Supreme Court in damning verdict against Boris Johnson's government

PUBLISHED: 10:46 24 September 2019 | UPDATED: 11:21 24 September 2019

Gina Miller reacts outside the Supreme Court in London, where judges have ruled that Boris Johnson's advice to the Queen to suspend parliament for five weeks was unlawful. Photograph: Jonathan Brady/PA Wire.

Gina Miller reacts outside the Supreme Court in London, where judges have ruled that Boris Johnson's advice to the Queen to suspend parliament for five weeks was unlawful. Photograph: Jonathan Brady/PA Wire.

Eleven Supreme Court justices have found in favour of a Scottish court that ruled Boris Johnson's prorogation of parliament was unlawful.

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Having decided unanimously that it is indeed within the power of the courts to intervene, the judges then ruled that the prime minister was acting unlawfully when he advised the Queen to prorogue parliament.

Supreme Court president Lady Hale said: "This was not a normal prorogation."

She added: "This prolonged suspension of parliamentary democracy took place in quite exceptional circumstances ... the effect on the fundamentals of our democracy was extreme."

She continued: "The court is bound to conclude therefore that the decision to advise the Queen to prorogue parliament was unlawful."

She concluded that the prorogation was "unlawful, void and of no effect".

MORE: John Bercow: Parliament must convene 'without delay' after Supreme Court ruling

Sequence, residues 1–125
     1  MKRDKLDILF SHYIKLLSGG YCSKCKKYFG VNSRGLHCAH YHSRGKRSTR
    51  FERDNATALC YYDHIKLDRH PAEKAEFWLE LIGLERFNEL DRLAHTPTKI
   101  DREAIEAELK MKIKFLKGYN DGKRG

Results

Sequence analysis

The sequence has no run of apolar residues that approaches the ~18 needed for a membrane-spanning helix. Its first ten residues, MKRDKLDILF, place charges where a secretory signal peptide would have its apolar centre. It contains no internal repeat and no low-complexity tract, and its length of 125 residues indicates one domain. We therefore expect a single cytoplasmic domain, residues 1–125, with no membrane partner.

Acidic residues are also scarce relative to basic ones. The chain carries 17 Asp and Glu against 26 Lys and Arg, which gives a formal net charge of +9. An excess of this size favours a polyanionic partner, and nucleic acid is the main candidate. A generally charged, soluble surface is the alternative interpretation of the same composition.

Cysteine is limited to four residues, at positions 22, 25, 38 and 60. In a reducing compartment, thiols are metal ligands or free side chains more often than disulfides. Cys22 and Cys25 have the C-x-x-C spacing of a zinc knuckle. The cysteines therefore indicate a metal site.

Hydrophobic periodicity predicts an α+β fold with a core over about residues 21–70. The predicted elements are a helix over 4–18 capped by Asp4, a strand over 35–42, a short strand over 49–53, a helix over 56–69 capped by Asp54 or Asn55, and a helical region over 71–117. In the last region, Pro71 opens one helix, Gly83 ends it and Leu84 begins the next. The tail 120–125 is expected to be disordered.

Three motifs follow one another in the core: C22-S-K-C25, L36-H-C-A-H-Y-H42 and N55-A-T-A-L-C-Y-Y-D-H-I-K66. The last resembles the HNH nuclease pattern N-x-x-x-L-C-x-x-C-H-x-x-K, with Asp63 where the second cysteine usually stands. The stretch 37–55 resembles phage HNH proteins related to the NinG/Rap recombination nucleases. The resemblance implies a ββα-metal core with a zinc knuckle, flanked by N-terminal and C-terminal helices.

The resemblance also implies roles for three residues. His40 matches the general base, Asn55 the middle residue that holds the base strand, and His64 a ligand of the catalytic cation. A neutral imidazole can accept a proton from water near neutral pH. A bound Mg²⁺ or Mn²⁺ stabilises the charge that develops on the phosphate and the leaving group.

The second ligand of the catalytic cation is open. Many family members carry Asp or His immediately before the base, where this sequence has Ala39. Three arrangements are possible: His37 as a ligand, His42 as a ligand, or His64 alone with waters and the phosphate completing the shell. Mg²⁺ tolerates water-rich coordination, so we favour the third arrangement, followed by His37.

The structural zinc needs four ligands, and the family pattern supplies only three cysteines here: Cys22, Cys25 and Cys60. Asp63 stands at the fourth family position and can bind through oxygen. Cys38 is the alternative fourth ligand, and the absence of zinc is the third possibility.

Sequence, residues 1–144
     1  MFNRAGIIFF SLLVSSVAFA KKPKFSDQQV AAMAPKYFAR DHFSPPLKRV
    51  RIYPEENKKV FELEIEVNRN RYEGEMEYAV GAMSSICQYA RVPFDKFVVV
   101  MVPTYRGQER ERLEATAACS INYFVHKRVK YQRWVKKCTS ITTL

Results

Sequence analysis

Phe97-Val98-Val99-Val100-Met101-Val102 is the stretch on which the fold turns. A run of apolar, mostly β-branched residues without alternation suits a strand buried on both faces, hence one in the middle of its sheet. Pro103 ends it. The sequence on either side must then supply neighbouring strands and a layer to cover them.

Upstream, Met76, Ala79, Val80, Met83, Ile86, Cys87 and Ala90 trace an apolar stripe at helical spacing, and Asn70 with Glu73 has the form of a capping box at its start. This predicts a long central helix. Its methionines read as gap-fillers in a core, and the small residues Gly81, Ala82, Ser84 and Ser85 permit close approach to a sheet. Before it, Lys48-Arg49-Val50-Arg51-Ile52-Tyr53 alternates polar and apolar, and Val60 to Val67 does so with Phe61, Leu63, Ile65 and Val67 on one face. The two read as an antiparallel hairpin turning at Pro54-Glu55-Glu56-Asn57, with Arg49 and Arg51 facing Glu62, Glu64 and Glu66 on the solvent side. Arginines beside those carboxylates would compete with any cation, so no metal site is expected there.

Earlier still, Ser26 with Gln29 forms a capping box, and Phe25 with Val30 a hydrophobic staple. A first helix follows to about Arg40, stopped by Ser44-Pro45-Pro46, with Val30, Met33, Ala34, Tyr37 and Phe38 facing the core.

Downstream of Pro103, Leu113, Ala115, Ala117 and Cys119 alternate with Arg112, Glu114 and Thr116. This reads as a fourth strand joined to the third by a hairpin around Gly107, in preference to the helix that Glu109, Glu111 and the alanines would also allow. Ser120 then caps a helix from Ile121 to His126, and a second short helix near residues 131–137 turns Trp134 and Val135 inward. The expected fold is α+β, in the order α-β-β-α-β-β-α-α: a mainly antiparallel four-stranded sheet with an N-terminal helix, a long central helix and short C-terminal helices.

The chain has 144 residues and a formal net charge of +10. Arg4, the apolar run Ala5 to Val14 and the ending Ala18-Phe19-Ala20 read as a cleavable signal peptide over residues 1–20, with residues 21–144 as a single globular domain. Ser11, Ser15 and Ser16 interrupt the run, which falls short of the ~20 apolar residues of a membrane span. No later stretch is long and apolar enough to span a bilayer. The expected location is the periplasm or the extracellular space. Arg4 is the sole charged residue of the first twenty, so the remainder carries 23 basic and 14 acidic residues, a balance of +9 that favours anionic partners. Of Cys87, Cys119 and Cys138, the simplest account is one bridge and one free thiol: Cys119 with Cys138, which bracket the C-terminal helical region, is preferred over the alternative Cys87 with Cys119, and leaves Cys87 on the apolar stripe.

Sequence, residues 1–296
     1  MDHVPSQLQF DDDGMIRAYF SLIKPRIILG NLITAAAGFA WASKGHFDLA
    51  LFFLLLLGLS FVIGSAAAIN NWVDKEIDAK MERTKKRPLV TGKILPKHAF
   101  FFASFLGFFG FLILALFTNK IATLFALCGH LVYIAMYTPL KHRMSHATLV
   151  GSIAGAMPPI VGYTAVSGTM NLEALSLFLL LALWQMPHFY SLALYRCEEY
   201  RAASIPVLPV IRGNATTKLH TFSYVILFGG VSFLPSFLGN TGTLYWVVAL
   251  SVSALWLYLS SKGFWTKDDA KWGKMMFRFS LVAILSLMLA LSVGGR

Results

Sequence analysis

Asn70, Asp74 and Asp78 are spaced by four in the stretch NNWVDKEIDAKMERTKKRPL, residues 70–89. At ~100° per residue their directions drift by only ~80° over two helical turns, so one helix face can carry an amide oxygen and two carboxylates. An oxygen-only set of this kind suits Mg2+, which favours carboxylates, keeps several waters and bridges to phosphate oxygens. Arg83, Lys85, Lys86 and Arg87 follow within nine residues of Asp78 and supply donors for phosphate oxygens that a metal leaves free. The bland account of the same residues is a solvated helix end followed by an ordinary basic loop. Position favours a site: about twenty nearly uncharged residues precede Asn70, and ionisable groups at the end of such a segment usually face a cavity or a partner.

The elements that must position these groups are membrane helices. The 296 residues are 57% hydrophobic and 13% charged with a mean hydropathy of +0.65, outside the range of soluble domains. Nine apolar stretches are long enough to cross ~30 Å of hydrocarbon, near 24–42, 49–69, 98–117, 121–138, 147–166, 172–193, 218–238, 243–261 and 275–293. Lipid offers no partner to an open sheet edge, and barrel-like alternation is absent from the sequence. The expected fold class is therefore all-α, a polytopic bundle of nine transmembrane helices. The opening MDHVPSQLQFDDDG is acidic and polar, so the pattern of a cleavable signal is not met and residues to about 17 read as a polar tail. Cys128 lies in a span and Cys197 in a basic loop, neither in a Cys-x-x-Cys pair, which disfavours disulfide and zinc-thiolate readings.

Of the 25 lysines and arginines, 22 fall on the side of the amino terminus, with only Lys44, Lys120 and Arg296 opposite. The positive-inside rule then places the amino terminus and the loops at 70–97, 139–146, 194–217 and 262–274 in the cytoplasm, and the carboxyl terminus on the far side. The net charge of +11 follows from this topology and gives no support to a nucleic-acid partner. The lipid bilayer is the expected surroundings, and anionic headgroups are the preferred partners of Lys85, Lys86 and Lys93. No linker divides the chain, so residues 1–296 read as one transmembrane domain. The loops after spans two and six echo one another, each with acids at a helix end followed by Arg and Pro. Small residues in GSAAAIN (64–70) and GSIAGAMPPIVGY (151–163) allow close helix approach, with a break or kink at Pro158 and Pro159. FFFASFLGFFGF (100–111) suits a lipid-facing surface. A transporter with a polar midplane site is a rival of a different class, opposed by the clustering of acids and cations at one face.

MORE: Read in full Lady Hale's Supreme Court damning statement about Boris Johnson's prorogation of parliament

The ruling sides with the litigants' claim that the prorogation was deliberately in order to frustrate the will of parliament, which has blocked Boris Johnson's approach to leaving the EU on October 31 at all costs - including without a withdrawal agreement with the EU.

But the ruling means that the Speaker must now decide what to do next, and may take immediate steps to decide to reopen parliament.

Johnson, who is currently abroad at a UN summit, has not said whether or not he will resign at the verdict.

He also did not guarantee whether or not he would attempt a second prorogation.

The case is a second resounding victory for litigant Gina Miller, who last year won a case declaring that the government's decision to revoke Article 50 must be put to a vote in parliament.

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